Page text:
As for the path forward, “we believe we can put a wall between the lawsuit and the new work that will be underway,” the mayor said.
Port designer PND Engineers Inc. and the first project management firm, Integrated Concepts and Research Corp., are co-defendants in the lawsuit as well. Oral arguments over the plaintiffs’ motions for dismissal were scheduled for Jan. 9 in federal District Court in Anchorage.
Stacey Jones, CH2M Hill’s vice president for west coast port projects, said her first step will be to put together a project management plan in consultation with the city’s port director, Rich Wilson.
The company does not have a favored design, but will help the municipality select a design. Several concepts for design and reconstruction are already on the port’s website, but that does not mean one of them will be selected, Jones said.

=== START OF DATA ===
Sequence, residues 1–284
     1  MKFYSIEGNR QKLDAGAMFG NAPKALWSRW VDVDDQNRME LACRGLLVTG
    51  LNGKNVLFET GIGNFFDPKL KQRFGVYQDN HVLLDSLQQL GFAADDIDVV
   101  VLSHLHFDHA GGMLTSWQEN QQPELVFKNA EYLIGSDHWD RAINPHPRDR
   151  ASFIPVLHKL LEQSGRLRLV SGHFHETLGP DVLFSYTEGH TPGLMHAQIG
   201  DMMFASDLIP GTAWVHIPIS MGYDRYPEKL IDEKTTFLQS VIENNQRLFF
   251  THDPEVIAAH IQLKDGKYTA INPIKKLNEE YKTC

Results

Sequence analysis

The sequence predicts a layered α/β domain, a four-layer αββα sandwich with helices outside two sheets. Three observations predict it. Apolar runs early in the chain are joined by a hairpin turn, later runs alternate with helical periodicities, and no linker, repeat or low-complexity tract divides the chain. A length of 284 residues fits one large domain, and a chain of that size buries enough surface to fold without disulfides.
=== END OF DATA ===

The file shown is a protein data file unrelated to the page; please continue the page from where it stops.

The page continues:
In November 2012, CH2M Hill released a study claiming the Open Cell Sheet Pile design originally chosen for the port expansion was unsuitable for seismic stability reasons. The study was commissioned by the U.S. Army Corps of Engineers for the municipality.
Subsequently, CH2M Hill was awarded a contract to develop a new port concept design, which it released in February 2013. The resulting “preferred alternative” was a pile supported dock structure, similar to what is at the port now.
Together, the engineering firm was paid approximately $2.6 million for its consulting work.
CH2M Hill has had extensive experience with coastal ports including those in areas of seismic activity, such as west coast ports, but a project the company was involved in with challenges similar to those at Anchorage port was at Gulfport, Miss., where the port suffered damage from Hurricane Katrina, Jones said.
The company’s team will include people based in Alaska with local experience, “so we’ll be able to hit the ground running,” Jones said. She anticipates her project team having people located at the port to facilitate day-to-day interaction with contractors.
Sullivan contrasted this with MARAD, the previous project manager, which did not have people at the project.
Tim Bradner can be reached at [email protected]. Journal reporter Elwood Brehmer contributed to this story.